Big Daddy- Marxist Point of View
In the movie Big Daddy you can see that a theme that is presented is a Marxist one. This theme is hidden and represented in a two way form. The idea that Julian had been “adopted” by Sunny as his kid and that he can’t do things by himself is the whole Marxist concept. What supports this is the fact that Julian can’t cross the street without holding his hand, he needs Sunny to urinate with him, otherwise he can’t, and also that he needs to have a book read before he goes to sleep, and the light turned on by Sunny while sleeping because he was afraid of the dark. When Sunny tells Julian to cross the street when they are trying to get to McDonald’s, Julian doesn’t cross the street because he needs Sunny to give him his hand. This is a clear example of a Marxist point of view because it portrays the poor people being Julian and Sunny being the wealthy people. In order for the poor people to get somewhere, they need the help of the wealthy people. The same way Sunny told Julian “give me your hand” is what the rich people tell the poor but the hand is represented by their trust. What they are trying to say is that in exchange, the higher class will “try” to get the poor people where they want. In this case, Sunny helped Julian get to a cheap place, McDonald’s, meaning that they were able to take the poor to a “common place” that they might not be able to afford in a daily basis and didn’t take much from the rich. They had to struggle for a while to make them fall for them, but at the end they had their trust and actually fooled them.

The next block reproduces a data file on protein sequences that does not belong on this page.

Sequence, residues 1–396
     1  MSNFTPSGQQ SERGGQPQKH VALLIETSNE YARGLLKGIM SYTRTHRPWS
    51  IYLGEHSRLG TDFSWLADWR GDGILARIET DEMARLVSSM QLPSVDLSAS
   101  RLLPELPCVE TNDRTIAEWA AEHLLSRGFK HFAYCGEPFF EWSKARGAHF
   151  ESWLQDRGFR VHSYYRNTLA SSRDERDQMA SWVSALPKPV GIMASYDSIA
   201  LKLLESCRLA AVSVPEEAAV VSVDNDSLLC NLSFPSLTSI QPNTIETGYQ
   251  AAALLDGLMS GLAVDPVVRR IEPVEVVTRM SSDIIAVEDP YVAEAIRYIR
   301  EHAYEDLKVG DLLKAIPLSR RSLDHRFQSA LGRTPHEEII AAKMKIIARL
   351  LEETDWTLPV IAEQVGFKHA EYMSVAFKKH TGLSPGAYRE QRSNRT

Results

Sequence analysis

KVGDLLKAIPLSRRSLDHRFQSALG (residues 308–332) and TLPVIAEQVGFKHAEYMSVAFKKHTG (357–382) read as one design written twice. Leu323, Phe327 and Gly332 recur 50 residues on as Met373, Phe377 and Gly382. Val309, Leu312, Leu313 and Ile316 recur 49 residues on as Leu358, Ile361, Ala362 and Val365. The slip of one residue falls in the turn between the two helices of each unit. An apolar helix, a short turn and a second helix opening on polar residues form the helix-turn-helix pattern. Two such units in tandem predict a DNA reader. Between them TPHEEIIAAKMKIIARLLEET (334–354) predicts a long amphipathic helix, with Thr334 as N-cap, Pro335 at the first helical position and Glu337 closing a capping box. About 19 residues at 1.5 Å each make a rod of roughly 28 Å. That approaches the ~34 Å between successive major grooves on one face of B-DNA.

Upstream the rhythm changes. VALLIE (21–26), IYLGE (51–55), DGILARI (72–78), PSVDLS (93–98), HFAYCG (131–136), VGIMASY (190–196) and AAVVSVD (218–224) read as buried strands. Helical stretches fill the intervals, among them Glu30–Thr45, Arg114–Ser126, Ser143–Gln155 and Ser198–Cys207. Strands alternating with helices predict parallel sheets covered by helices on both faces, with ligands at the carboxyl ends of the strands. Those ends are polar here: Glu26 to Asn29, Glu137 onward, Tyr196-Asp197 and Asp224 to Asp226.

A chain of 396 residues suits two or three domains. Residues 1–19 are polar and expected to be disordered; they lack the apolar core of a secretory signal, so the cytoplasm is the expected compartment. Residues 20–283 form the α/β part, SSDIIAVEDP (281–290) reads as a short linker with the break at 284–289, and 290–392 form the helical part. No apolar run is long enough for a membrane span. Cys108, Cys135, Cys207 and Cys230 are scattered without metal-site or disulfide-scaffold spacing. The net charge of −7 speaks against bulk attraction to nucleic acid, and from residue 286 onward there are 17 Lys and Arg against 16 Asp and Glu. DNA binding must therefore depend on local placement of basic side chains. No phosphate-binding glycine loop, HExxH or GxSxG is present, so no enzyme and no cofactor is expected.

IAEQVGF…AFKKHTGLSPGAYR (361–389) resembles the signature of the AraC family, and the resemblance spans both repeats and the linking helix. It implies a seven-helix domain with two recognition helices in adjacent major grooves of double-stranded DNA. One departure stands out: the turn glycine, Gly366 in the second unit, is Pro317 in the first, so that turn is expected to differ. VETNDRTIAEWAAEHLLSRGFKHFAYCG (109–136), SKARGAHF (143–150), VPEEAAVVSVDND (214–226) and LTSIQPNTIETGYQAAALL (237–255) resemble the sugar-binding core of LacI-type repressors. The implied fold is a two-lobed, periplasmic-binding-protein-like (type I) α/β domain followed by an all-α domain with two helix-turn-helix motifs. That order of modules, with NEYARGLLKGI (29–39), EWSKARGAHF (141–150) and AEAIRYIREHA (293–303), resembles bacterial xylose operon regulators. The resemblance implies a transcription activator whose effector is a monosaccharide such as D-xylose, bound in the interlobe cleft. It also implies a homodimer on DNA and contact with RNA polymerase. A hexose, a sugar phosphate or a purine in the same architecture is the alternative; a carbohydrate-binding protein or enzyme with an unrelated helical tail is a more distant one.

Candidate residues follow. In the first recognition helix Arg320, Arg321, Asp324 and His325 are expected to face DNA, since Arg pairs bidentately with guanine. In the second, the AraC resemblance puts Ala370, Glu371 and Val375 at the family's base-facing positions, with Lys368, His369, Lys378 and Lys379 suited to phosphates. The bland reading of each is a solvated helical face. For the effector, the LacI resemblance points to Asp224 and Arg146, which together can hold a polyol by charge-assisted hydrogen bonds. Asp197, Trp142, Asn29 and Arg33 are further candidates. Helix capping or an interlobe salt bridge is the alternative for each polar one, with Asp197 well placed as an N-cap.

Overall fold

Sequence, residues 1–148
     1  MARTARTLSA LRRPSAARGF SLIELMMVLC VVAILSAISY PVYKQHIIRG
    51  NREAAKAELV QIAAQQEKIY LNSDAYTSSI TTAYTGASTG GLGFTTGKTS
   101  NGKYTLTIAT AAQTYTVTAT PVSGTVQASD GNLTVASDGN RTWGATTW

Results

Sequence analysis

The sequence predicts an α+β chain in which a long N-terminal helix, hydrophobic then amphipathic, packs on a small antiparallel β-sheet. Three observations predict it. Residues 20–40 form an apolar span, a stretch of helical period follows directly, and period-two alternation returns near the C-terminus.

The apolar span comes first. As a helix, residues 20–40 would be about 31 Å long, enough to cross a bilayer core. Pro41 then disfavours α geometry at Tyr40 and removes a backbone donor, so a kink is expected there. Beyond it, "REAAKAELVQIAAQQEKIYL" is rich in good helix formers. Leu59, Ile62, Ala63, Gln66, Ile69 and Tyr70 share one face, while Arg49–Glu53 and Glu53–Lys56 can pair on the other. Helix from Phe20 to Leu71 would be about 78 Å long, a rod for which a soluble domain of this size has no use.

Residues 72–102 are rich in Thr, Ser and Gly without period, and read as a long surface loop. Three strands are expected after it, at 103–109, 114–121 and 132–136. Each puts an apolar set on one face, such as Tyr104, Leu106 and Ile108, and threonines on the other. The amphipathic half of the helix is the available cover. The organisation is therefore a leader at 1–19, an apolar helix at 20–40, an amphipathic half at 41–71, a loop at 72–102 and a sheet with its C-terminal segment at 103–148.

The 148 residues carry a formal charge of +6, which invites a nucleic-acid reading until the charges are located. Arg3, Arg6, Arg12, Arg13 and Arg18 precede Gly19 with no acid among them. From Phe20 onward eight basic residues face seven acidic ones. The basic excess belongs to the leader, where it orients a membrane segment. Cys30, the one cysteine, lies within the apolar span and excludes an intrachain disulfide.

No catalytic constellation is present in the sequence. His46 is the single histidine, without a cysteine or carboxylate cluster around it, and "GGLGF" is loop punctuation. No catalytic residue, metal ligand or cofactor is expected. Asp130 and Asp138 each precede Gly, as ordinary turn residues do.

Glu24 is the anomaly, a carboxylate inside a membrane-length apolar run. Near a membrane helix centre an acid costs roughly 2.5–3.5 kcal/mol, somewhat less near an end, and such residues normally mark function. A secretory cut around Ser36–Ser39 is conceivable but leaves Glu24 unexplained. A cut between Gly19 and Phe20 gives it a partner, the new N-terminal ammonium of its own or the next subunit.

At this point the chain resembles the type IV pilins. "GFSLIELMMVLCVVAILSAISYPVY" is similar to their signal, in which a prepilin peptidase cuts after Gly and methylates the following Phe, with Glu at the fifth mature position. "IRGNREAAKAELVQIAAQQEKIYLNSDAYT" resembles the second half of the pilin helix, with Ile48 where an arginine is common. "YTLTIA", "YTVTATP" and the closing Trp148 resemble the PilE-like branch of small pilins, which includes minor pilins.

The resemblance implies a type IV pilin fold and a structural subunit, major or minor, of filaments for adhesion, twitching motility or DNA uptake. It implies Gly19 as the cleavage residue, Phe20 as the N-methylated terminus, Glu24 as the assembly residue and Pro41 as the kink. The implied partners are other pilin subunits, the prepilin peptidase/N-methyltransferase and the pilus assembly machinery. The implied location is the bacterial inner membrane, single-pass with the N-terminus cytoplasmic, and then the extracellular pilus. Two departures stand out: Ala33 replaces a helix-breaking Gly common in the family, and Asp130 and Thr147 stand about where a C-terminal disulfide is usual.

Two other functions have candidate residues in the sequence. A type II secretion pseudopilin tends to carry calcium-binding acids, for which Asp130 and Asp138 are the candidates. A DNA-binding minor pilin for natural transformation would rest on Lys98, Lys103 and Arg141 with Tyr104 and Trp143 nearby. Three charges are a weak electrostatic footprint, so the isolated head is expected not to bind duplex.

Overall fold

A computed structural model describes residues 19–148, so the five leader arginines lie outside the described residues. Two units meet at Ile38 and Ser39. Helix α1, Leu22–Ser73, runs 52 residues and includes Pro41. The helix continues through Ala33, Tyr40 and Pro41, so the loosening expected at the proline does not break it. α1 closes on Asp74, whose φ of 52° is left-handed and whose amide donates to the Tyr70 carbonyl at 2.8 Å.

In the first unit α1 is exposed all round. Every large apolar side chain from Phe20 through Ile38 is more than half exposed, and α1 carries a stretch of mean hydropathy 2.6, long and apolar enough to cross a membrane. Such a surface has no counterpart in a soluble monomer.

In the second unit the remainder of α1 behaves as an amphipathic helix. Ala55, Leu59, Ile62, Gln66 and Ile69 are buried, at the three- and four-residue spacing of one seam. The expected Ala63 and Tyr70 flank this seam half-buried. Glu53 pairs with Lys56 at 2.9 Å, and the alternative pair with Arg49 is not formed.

In the movie, when Julian needs to urinate, he tells Sunny that he can’t “do it by himself.” He needed Sunny to urinate with him. Sunny tells him that he doesn’t need to pee, but Julian tells him he would really needs to go, if not he would pee in his pants. Again Julian represents the poor and Sunny is the rich one. But in this case the Marxist theme is developed as the poor are fooling around...
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